Access cross-domain or local resources with user permission

UNCONFIRMED
Unassigned

Status

()

Core
General
--
enhancement
UNCONFIRMED
8 years ago
5 years ago

People

(Reporter: Brett Zamir, Unassigned)

Tracking

Firefox Tracking Flags

(Not tracked)

Details

(Reporter)

Description

8 years ago
User-Agent:       Mozilla/5.0 (Windows; U; Windows NT 6.0; en-US; rv:1.9.2.4) Gecko/20100611 Firefox/3.6.4 (.NET CLR 3.5.30729)
Build Identifier: 

Many developments are (thankfully) allowing websites to be given permission to perform sensitive or potentially intrusive but powerful and user-enhancing actions with user permission, such as Geolocation, or notifications. Extension installation itself with full privileges is now going to be only a click away.

Yet websites cannot ask for user permission to do lesser things like access a shared database, enumerate or read local files (at least ones in a "shared" section), nor even something more mild like make a cross-domain GET/OPTIONS/HEAD request (sandboxed or otherwise), obtain cross-domain fonts, etc.

Can a new phase of the web be considered in which the expanding role of web apps be given potential access to such resources upon user permission?

Reproducible: Always

Comment 1

8 years ago
This is better suited for a discussion group, m.d.platform or a standards body. Two questions off the top of my head: would this be useful if only implemented in mozilla? how would you explain to the user the decision that needs to be made by him?
(Reporter)

Comment 2

8 years ago
Thanks for the feedback. I might try m.d.platform though nice to have a permanent fixed place for it.

I raised part of the issue (on GET requests) on WHATWG (see http://www.mail-archive.com/whatwg@lists.whatwg.org/msg20551.html ), and though I hadn't suggested the part about explicit user approval then (nor an analogy that iframes already do something similar), I had mentioned sandboxing. It seemed to me that there is some resistance to such features for which I thought Firefox, often in the lead with innovation and well suited for it given its already offering powerful extensions for installation, might demonstrate the potential of this concept and perhaps lead to its eventual standardization.

While it would be ideal to be cross-browser, I think as with extensions, and besides being useful as an experiment, I think it could be useful in allowing applications that simply cannot exist now.

Imagine for example, being able to treat the web like a database (without a third party like Google and with the benefit of being able to target specific portions of a page). For example, if jQuery were adapted, a query might look like this (if not full-blown XQuery: see Bug 385995 Comment 5):

var collec = {someShakespeareWorks: ['http://example.com/Hamlet.html', 'http://example.com/Macbeth.html']};

$('collection("someShakespeareWorks") .irony', function (ironicPassages) {
  $('#TheBardBeingIronic').append(ironicPassage);
}, collec);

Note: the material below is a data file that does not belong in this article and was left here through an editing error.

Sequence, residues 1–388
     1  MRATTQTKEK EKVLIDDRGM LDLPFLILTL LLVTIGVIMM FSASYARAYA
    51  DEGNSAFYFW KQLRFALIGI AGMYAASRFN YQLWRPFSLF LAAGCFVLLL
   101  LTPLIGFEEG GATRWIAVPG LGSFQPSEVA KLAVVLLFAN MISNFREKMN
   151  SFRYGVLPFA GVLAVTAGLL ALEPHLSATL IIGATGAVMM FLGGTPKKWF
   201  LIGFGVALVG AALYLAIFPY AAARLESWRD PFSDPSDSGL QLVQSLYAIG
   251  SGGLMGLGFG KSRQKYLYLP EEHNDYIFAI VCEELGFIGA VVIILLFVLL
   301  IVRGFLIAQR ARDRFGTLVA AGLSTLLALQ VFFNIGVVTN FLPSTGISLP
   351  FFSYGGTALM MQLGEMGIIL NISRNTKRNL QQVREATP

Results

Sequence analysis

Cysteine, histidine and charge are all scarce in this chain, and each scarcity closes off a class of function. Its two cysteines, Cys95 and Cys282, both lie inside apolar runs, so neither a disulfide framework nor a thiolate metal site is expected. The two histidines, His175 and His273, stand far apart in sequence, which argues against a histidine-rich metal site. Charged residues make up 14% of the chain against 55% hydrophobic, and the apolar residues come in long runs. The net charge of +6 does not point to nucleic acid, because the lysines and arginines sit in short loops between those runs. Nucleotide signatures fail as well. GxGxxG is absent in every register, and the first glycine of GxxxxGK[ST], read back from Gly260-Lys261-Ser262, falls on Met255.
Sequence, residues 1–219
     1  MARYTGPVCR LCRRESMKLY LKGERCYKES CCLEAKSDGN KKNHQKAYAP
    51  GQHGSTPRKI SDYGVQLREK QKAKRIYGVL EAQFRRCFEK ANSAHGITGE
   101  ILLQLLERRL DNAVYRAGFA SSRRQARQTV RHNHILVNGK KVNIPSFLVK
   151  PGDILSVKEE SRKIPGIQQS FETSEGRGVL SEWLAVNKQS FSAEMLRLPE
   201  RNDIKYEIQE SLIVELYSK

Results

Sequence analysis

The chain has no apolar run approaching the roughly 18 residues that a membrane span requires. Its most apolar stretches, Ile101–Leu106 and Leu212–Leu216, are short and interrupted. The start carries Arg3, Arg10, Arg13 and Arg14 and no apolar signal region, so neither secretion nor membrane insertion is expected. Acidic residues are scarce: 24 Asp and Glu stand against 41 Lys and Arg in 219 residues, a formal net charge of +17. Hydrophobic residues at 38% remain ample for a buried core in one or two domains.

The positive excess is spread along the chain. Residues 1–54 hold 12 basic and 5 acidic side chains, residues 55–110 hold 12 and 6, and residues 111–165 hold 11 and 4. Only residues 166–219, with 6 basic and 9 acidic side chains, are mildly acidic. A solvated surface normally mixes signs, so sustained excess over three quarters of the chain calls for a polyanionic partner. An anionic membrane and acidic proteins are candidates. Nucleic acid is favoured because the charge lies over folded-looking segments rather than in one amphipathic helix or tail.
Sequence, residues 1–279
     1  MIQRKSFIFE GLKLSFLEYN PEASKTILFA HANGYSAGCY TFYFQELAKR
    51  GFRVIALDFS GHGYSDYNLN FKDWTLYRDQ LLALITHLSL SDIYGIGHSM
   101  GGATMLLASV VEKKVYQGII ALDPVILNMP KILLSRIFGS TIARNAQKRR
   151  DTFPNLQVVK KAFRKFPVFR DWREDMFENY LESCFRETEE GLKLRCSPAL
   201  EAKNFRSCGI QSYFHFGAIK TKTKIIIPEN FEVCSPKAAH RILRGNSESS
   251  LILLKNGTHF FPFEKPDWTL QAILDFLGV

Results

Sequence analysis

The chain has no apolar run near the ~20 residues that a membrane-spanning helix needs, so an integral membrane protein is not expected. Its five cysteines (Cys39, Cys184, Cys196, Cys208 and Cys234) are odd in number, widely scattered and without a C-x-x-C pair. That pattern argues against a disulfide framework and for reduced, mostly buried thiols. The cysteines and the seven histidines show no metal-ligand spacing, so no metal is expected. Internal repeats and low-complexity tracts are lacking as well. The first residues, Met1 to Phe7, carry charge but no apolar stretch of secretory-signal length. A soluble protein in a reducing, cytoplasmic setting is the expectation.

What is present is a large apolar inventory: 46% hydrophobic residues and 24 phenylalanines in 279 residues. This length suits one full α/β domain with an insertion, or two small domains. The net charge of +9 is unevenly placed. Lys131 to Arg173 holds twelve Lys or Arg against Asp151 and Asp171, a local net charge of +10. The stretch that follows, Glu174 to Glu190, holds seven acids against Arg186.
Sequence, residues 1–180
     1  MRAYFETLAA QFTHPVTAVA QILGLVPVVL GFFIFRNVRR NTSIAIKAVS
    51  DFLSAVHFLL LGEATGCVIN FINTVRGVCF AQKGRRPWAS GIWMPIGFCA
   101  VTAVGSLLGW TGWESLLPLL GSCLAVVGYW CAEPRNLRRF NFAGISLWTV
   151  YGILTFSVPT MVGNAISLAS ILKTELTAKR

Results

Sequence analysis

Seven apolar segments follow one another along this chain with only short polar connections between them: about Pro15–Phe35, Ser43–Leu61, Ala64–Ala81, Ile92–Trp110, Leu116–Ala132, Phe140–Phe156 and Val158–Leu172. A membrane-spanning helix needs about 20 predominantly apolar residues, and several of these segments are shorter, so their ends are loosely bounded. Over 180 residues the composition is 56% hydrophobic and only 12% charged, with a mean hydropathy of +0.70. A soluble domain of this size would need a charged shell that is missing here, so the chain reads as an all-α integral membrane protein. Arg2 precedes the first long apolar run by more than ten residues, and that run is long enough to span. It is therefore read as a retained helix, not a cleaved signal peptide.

A server might not want to pay for you to use their server's bandwidth to do all these kinds of searches, but as long as you don't mind, and are in control, what is the harm?

A use case for HEAD requests could be checking the last-modified header to see whether a page at the site had already been created or not, and then coloring the link accordingly (as is done internally at Mediawiki, but offering the ability for sites to link appropriately to external sites). I've made an extension for Mediawiki at http://www.mediawiki.org/wiki/Extension:BADI_Pages_Created_Links which allows server-side code to do this (for use at a Mediawiki wiki, but the code could be adapted to work from any site), but as it is server-originated, it must act synchronously.

I think the user could be informed of such attempted requests in a manner similar to how they are informed by Geolocation requests (though I'm still not convinced that sandboxed requests even really need permission). A notification box could explain that the request to the other site would be made on their behalf (though a header could be required which indicated the original source of the request). The browser could also be made to show transparently which sites were being accessed.

They might also be given the choice as to whether they wished to allow their cookies to be sent, in which case they should be warned that any private data such as passwords revealed to the other site could potentially be obtained by the originating site.

Even POST requests (or PUT/DELETE) could be allowed, if it were clearly explained and prominently warned that the current website could potentially abuse this by (transparently) making actions on their behalf such as attempting to hack passwords, or submit forms on their behalf at the third party site.

But these latter possibilities, while potentially interesting, are not critical to the idea. Regular GET/OPTIONS/HEAD requests, however, I think could be.
I think we should WONTFIX this. Even if the requests were made without credentials, asking the user effectively “This site wants to read stuff from your intranet. [Allow] [Deny]” is too risky.
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